Document Detail


Design and implementation of a portable physiologic data acquisition system.
MedLine Citation:
PMID:  17914307     Owner:  NLM     Status:  MEDLINE    
Abstract/OtherAbstract:
OBJECTIVE: To describe and report the reliability of a portable, laptop-based, real-time, continuous physiologic data acquisition system (PDAS) that allows for synchronous recording of physiologic data, clinical events, and event markers at the bedside for physiologic research studies in the intensive care unit. DESIGN: Descriptive report of new research technology. SETTING: Adult and pediatric intensive care units in three tertiary care academic hospitals. PATIENTS: Sixty-four critically ill and injured patients were studied, including 34 adult (22 males and 12 females) and 30 pediatric (19 males and 11 females). INTERVENTIONS: None. MEASUREMENTS AND MAIN RESULTS: Data transmission errors during bench and field testing were measured. The PDAS was used in three separate research studies, by multiple users, and for repeated recordings of the same set of signals at various intervals for different lengths of time. Both parametric (1 Hz) and waveform (125-500 Hz) signals were recorded and analyzed. Details of the PDAS components are explained and examples are given from the three experimental physiology-based protocols. Waveform data include electrocardiogram, respiration, systemic arterial pressure (invasive and noninvasive), oxygen saturation, central venous pressure, pulmonary arterial pressure, left and right atrial pressures, intracranial pressure, and regional cerebral blood flow. Bench and field testing of the PDAS demonstrated excellent reliability with 100% accuracy and no data transmission errors. The key feature of simultaneously capturing physiologic signal data and clinical events (e.g., changes in mechanical ventilation, drug administration, clinical condition) is emphasized. CONCLUSIONS: The PDAS provides a reliable tool to record physiologic signals and associated clinical events on a second-to-second basis and may serve as an important adjunctive research tool in designing and performing clinical physiologic studies in critical illness and injury.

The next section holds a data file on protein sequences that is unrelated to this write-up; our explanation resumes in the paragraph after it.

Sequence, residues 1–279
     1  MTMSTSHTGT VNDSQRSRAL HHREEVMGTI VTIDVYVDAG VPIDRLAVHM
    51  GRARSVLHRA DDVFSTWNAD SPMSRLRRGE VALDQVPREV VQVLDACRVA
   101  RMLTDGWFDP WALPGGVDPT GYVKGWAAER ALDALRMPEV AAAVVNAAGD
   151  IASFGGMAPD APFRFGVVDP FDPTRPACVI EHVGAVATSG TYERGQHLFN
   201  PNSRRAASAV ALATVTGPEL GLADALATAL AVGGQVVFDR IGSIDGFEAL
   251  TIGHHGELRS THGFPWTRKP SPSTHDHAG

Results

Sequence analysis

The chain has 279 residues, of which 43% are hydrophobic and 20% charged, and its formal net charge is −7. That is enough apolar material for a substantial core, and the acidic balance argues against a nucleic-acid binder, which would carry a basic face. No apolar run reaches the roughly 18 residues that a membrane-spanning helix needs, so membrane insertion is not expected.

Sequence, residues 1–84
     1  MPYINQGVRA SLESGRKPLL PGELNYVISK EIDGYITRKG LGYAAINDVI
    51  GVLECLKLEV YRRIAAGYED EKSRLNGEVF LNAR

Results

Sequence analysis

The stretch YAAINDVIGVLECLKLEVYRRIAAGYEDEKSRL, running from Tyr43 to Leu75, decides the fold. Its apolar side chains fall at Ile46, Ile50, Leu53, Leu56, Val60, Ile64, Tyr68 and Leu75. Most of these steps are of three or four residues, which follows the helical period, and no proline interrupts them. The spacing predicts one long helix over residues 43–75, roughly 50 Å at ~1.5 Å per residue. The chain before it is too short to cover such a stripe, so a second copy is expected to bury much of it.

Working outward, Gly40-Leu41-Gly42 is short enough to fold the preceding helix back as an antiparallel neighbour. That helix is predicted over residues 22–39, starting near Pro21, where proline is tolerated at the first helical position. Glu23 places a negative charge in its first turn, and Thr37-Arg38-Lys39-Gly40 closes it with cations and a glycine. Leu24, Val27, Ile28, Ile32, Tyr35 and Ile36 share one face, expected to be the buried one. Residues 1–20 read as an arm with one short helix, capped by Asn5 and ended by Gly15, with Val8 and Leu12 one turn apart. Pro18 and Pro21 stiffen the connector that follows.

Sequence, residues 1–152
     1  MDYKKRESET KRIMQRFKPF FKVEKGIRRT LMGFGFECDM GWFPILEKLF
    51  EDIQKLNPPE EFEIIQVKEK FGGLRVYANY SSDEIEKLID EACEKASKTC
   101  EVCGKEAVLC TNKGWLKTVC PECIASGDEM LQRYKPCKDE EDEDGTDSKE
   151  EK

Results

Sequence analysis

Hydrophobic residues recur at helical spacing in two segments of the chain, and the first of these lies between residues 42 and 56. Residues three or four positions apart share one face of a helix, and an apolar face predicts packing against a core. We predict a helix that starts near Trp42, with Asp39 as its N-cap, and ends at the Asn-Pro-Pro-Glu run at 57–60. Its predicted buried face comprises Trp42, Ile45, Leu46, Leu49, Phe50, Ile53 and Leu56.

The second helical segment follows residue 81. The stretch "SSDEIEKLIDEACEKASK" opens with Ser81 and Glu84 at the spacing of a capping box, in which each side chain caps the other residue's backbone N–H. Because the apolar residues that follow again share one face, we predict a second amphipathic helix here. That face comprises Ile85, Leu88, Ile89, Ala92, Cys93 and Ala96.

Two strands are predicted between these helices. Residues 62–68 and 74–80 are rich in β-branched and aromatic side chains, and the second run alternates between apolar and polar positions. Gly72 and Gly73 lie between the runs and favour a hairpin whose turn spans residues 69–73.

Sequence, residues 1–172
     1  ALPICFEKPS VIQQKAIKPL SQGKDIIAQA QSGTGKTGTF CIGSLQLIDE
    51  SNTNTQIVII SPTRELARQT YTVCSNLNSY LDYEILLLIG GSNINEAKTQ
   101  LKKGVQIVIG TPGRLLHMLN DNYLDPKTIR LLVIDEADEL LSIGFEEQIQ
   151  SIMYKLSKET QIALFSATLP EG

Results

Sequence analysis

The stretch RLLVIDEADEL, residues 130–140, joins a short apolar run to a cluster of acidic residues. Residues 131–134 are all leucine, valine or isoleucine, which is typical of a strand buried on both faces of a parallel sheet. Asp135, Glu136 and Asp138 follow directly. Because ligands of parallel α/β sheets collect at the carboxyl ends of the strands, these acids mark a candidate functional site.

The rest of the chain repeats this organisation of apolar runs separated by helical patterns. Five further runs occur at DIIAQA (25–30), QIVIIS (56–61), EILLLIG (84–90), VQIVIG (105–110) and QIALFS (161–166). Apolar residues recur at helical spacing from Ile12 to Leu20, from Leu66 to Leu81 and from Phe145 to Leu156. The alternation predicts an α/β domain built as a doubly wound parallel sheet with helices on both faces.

Authors:
Kevin Vinecore; Mateo Aboy; James McNames; Charles Phillips; Rachel Agbeko; Mark Peters; Miles Ellenby; Michael L McManus; Brahm Goldstein
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Publication Detail:
Type:  Journal Article; Research Support, N.I.H., Extramural; Research Support, Non-U.S. Gov't; Validation Studies    
Journal Detail:
Title:  Pediatric critical care medicine : a journal of the Society of Critical Care Medicine and the World Federation of Pediatric Intensive and Critical Care Societies     Volume:  8     ISSN:  1529-7535     ISO Abbreviation:  Pediatr Crit Care Med     Publication Date:  2007 Nov 
Date Detail:
Created Date:  2007-11-08     Completed Date:  2008-02-15     Revised Date:  2009-11-03    
Medline Journal Info:
Nlm Unique ID:  100954653     Medline TA:  Pediatr Crit Care Med     Country:  United States    
Other Details:
Languages:  eng     Pagination:  563-9     Citation Subset:  IM    
Affiliation:
Pulmonary and Critical Care Medicine, Oregon Health & Science University, OR, USA. bgol@novordisk.com
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MeSH Terms
Descriptor/Qualifier:
Adult
Biomedical Research / instrumentation,  methods*
Child
Computer Systems*
Equipment Design*
Female
Hospitals, University
Humans
Intensive Care Units*
Intensive Care Units, Pediatric
Male
Microcomputers
Middle Aged
Monitoring, Physiologic / instrumentation*,  methods
Oregon
Point-of-Care Systems*
Telemetry / instrumentation,  methods
User-Computer Interface*
Grant Support
ID/Acronym/Agency:
HD33703/HD/NICHD NIH HHS
Comments/Corrections
Comment In:
Pediatr Crit Care Med. 2007 Nov;8(6):588-9   [PMID:  17989567 ]

From MEDLINE®/PubMed®, a database of the U.S. National Library of Medicine


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